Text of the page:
What the data do suggest, though is that negative payout ratios -- that is to say, dividends paid despite negative profitability -- are associated with dividend cuts. This, too, is intuitive, but nevertheless the tendency of the payout ratio to be a poor predictor of future dividend cuts remains. This finding does suggest, though, that other fundamental data related to a company's health -- say, its earnings history and the trajectory and volatility of that history -- have more to do with it.

This is borne out in the data. Dividend Preservers tended to show relative consistent EPS growth with less volatility in year-to-year EPS changes, and the opposite behavior was demonstrated by Dividend Cutters. In fact, a year-over-year decline in EPS of 8% or more was associated with an OR of 2.32 for a dividend cut the following year.

Graph produced by author. Price data from Yahoo Finance. Fundamental Data from Morningstar.

Moreover, not only did negative EPS growth in the previous year suggest an impending dividend cut, but EPS volatility in the years preceding the EPS decline was also associated with a dividend cut as well, suggesting that perhaps companies in cyclical industries might be inclined to proactively manage their dividend policies to adjust to changing environments.

Graph produced by author. Price data from Yahoo Finance. Fundamental Data from Morningstar.

Other measures of financial health seem to predict dividend stability. Dividend Cutters were, on average, more likely to have lower Current Ratios just before their dividend was cut as compared to Dividend Preservers, by a factor of over 400 basis points (1.2 versus 1.6).

Graph produced by author. Price data from Yahoo Finance. Fundamental Data from Morningstar.

In fact, a current ratio of less than 1.2 was associated strongly with an impending dividend cut, with an odds ratio of 1.7.

Finally, looking at Return on Invested Capital:

Lower ROICs were also associated with dividend cuts, with ROICs of less than 0.01 being tagged with an OR of 2.371 for a dividend cut the following year.

Again, while all these factors seem intuitive, the values themselves yield some interesting guidepoints for determining if a company's dividend is at risk. To wit, Procter & Gamble's dividend yield has been climbing of late as the company's EPS growth has slowed and its payout ratio has climbed to a concerning 103% as of last fiscal year. Its y/y decline in EPS from 2014 to 2015 from $4.01 to $2.44 is naturally concerning. But with returns on invested capital still cresting 9%, a current ratio of 1.00, and relatively low volatility in EPS in prior years, the odds are that P&G will find a way to muddle through, and a dividend cut seems unlikely for this Dividend Aristocrat despite the recent high payout ratio.

Compare P&G's situation to that of investment publication firm ValueLine (NVALU), which pays an attractive 4.74% ratio. Most recently, management increased the dividend from $0.15 quarterly to $0.16, which seems reasonable given TTM EPS of $0.75. However, its current ratio of < 1.2 (0.7 currently) and ROIC < 1% (currently -2.3%) would seem to place its dividend at risk, regardless of the sustainable payout ratio, and caution regarding the shares would seem to be warranted.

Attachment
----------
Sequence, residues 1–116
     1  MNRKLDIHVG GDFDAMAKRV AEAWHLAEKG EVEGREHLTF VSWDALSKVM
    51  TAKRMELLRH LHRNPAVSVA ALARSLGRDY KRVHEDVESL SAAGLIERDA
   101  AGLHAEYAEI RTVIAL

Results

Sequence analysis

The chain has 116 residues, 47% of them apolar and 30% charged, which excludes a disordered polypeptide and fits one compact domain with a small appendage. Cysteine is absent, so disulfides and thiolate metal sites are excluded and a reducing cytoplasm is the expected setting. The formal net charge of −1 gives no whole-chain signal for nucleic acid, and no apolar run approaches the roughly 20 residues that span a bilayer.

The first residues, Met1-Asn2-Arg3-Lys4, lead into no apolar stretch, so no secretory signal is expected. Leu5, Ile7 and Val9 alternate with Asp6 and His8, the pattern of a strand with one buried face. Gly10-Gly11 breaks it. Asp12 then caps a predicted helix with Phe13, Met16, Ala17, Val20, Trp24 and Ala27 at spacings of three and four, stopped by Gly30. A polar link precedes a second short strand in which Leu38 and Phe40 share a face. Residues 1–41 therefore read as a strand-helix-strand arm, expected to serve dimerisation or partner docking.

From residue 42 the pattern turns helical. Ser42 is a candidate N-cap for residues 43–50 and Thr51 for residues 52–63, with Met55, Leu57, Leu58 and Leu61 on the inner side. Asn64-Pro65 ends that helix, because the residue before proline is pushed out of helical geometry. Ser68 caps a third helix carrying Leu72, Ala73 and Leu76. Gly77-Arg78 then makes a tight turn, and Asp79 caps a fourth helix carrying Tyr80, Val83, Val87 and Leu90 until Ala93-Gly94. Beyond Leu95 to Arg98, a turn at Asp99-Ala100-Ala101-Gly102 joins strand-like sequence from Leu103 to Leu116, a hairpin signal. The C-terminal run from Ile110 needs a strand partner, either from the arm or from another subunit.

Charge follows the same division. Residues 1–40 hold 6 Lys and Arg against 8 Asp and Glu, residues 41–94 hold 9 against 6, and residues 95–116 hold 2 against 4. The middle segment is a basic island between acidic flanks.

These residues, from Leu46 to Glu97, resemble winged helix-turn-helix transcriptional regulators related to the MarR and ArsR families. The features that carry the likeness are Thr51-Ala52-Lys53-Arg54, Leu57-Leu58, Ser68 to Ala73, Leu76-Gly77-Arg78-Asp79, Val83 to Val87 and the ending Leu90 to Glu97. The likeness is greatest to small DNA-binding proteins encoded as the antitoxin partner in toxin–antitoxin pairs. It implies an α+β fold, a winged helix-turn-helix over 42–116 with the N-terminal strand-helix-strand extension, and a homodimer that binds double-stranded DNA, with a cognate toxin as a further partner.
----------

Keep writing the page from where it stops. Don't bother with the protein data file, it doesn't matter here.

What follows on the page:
Other Observations:

Looking at the data by sector, some trends do stand out.

Companies that tend to sustain their dividends over time are unsurprisingly in relatively defensive industries, for the most part: Healthcare and Utilities tended to be stronger maintainers of their dividend policies than, say, companies in Materials, Industrials, or Energy. Perhaps surprisingly, Information Technology companies scored highly with regard to dividend preservation. (To my mind, this speaks to shifts in our economic makeup, away from a manufacturing-based economy to a service and information technology-based one instead). Also perhaps surprisingly, Consumer Products (both Staples and Discretionary) were not as stalwart in maintaining their dividends as one might have thought, though the reasons for this are bit unclear to me currently.

Conclusions:

By no means is this study exhaustive or conclusive; certainly, other metrics exist that may do an even better job at predicting future dividend cuts. However, I am still a bit surprised that payout ratios are perhaps less effective at predicting dividend cuts than might reasonably be assumed. Focusing on other, more core aspects of a business appears to yield better actionable data when it comes to determining dividend risk.

Disclosure: I am/we are long PG,JNJ,SEP, MMP,HCP,VTR, ETP. I wrote this article myself, and it expresses my own opinions. I am not receiving compensation for it (other than from Seeking Alpha). I have no business relationship with any company whose stock is mentioned in this article.